The team uses this approach to influence interest in additional product trials. Eventually, these product super users start making internal recommendations for subscriptions or license expansions.

The strategy has been working too. May tested the initial pilot on 20 accounts and saw revenue increases. Thomson Reuters has the ability to expand the strategy to 1,700 accounts which aligns from a strategy and data standpoint.

Testing ABM’s best practices

The program is being tested now but has already shown it can be scaled for pipeline acceleration and closed deals.

Thomson Reuters Gift Box

The early success means they can repeat the strategy with other potential clients.

May’s testing shows every successful ABM campaign should contain several important elements:

  • Sales and marketing alignment
  • Avoid over-tailored messaging
  • Followthrough at all touchpoints

The team found that effectiveness suffers when teams over-complicate their ABM campaigns. A lack of understanding or assuming that ABM can fix all pipeline problems are the biggest pitfalls.

Converting engagement in field marketing

Virtual is here to stay. Because it has become so well integrated into marketing it won’t fade away as people go back to the office. May points out that virtual is collaborative and relatively simple.

I don't think virtual goes away because it scales so well. We can get customers together that would never be in the same room together. We can have somebody from the East Coast, somebody from the West Coast.

Virtual meetings and webinars put a lot of decision-makers in the same space to have a critical conversation about direction. It’s why Incubation and Testing is reassessing not just virtual field marketing, but also the return of big, in-person events.

“The sales team is eager to get back in-person; marketing is eager to get back to planning in-person events,” says May. “But virtual will be a part of our strategy going forward now because we figured out how to do it.”

In-person events are a driver behind lead generation, marketing strategy, and conversations that close deals. So May is having his team fine-tune the process to clone and scale.

“We have done field events for years, but we’ve had one person running them for our whole business unit,” explains May. “Now we’re building out the function.”

That function critically relies on a central theme: making sure the momentum and interest generated, gets converted into action.

In May’s eyes, receiving swag or branded merchandise simply for registering for an event or webinar does not guarantee a connection. No connection equals a missed opportunity.

Plus, it wastes money that could be devoted to other campaigns.

I think the trick is to continue to drive engagement. Keep people engaged once they get into the experience.

He suggests add-on experiences at trade shows can help to move clients further down the funnel.

Gift Card

It’s experiences, not swag, that led to one of their more popular marketing campaigns, May says. Thomson Reuters recently offered Airbnb eGift cards. Prospects were able to choose between several eGift cards, including a charity donation using an automated direct mail feature.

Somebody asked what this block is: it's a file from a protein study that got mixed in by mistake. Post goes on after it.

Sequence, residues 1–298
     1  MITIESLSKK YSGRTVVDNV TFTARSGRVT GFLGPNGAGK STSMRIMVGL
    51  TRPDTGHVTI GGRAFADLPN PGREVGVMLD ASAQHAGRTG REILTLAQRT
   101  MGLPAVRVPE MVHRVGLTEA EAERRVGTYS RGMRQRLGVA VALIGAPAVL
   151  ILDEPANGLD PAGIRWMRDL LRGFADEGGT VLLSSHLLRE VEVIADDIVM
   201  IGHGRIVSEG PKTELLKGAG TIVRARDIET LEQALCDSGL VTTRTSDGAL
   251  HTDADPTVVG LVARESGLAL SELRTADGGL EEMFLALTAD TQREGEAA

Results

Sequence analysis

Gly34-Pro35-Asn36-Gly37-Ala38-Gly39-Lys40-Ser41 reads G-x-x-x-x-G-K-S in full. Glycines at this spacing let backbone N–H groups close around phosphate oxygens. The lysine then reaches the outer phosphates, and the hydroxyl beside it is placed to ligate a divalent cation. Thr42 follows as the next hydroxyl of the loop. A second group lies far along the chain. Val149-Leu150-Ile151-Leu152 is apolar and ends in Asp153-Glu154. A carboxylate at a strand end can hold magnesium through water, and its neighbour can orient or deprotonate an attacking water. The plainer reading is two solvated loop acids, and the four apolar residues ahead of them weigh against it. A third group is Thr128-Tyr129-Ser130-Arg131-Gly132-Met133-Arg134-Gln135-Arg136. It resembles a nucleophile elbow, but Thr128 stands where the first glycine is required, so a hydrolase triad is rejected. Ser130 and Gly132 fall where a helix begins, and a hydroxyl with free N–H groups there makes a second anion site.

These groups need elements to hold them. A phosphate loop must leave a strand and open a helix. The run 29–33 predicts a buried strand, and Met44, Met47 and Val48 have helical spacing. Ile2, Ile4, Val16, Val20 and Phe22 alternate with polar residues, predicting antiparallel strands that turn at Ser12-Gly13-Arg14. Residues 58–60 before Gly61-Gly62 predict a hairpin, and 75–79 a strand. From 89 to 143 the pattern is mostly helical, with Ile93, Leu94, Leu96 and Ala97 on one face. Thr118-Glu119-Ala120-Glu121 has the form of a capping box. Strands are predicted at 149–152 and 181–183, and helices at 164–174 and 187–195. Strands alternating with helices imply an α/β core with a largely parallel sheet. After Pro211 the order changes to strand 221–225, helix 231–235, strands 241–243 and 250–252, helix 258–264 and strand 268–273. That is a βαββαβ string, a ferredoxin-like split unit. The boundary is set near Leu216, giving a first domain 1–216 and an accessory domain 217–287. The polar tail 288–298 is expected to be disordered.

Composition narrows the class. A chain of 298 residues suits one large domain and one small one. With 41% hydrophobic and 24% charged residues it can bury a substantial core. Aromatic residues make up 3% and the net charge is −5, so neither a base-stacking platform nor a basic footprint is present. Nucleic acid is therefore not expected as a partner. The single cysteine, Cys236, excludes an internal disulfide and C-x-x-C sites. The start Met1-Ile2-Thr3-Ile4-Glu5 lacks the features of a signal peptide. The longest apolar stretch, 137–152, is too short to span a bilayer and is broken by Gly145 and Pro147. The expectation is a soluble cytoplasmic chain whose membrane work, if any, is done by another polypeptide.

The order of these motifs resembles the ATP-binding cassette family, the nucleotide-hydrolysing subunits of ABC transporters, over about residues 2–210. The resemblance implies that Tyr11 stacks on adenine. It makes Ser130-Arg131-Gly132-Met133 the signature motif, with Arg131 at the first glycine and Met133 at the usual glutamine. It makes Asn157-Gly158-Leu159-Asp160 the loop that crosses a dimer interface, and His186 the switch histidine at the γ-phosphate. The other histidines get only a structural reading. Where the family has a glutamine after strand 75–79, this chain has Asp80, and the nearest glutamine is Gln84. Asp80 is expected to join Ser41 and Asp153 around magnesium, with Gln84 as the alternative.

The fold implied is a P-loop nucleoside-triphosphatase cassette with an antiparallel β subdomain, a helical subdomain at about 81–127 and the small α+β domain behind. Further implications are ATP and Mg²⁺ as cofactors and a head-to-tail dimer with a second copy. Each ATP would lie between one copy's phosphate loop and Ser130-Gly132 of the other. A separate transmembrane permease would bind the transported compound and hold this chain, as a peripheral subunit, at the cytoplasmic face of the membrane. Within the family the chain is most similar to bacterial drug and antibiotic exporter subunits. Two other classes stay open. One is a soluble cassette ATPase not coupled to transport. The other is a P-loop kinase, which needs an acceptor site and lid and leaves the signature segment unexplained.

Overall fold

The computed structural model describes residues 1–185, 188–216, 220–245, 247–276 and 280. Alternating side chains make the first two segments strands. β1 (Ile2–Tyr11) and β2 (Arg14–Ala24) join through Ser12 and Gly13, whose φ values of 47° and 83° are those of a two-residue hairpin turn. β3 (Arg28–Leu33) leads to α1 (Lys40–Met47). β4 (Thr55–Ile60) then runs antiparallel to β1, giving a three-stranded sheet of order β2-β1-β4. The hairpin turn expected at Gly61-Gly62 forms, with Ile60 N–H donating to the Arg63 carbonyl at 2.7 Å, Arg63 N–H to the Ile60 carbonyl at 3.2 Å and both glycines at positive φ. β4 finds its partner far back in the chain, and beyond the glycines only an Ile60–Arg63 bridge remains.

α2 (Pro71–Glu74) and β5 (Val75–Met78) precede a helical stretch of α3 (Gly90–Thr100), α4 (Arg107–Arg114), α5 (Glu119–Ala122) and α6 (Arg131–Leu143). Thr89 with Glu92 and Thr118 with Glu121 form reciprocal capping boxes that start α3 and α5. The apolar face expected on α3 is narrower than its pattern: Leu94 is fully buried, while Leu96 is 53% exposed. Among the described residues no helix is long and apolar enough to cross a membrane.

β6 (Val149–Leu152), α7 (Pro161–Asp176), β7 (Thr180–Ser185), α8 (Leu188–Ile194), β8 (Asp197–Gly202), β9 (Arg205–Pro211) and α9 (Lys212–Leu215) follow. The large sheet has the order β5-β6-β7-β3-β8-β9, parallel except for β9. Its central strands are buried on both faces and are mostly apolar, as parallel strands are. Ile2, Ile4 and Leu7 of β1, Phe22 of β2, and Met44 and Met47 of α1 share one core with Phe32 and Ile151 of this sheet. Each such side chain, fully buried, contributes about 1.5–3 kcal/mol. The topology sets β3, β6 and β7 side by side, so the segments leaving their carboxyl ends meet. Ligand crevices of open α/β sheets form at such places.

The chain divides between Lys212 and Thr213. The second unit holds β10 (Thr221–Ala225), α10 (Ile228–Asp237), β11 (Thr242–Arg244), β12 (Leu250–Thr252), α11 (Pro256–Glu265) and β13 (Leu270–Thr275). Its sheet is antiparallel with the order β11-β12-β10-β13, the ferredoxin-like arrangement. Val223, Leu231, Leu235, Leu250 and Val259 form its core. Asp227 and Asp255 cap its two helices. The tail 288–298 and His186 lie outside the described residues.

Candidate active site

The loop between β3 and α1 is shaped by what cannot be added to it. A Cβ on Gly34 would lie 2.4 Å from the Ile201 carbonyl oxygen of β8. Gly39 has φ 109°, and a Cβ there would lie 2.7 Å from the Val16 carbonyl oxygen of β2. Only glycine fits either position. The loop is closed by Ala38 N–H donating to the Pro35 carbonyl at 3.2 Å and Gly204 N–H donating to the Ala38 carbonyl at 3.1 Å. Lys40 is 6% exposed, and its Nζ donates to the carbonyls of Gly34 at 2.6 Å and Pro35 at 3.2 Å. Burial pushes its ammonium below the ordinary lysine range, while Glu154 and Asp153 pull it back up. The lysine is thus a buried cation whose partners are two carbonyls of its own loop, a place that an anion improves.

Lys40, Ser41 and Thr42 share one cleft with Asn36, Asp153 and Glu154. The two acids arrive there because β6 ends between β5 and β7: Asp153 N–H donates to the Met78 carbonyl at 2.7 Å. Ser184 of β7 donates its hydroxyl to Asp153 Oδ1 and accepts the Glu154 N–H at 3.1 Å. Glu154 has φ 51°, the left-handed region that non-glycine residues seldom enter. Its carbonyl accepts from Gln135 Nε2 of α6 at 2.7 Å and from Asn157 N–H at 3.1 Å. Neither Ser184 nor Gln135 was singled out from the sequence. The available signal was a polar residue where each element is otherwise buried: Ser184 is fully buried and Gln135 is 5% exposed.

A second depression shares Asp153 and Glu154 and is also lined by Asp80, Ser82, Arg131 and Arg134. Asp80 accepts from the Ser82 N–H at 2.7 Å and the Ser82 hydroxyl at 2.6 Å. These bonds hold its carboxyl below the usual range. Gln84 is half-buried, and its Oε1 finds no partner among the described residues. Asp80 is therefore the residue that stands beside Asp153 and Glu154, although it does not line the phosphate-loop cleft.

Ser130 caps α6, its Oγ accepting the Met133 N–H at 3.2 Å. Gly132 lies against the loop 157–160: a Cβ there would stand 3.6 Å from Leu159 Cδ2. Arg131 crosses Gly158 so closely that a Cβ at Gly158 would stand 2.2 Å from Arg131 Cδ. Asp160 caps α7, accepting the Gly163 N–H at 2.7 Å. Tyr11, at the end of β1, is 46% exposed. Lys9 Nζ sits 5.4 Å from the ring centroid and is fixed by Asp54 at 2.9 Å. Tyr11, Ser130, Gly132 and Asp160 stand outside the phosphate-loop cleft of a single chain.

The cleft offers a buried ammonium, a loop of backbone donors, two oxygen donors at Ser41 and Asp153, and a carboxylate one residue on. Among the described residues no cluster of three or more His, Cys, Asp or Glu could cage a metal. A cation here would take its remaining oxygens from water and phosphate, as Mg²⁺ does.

Now, his team is sharpening their plans for creating memorable field events that inspire clients and advance decisions.

May adds, “We have a handful of field marketers across the globe that are on the team and rolling out process; repeatable, scalable, personalized.”

Return to fundamentals with pilot projects

Tapping into their creative mindset, a big focus for the Incubation and Testing Team is pilot projects. They want to explore new ways of reaching customers, but always keep the processes repeatable and scalable.

“Are there pilots we’ve never been able to do because we’ve never had a dedicated headcount to support that activity?” questions May as he considers new opportunities.

He refers to it as fundamental, but May knows that identifying simple efficiencies can smooth the way for an entire project.

“There’s a lot of identifying efficiencies and even just documenting and changing processes,” says May. “We get a ton of value.”

By streamlining processes, May’s team not only improves their workflows but also for teams in other departments—breaking through silos and making collaboration happen.

“Here’s an opportunity, let’s find out what the right or the best way, the most efficient way is,” May adds about their process.

Looking toward the future of marketing solutions

Watching the progress of his team’s development, May says all of his strategic goals are a challenge to modernize because teams are constantly evolving.

“Every year the territories change, and reps change, client managers change,” he says. “There’s lots of turnover every year.”

That can translate into lost time when sales and marketing reps try to pick up old connections and identify decision-makers.

“Our big thing is how do we work more closely with sales to deliver and engage and figure out where marketing plays best in ABM and where sales teams need to take over?” May says. “How do we make sure those handoffs are working well, and how do we create the communication that’s necessary to identify those opportunities?”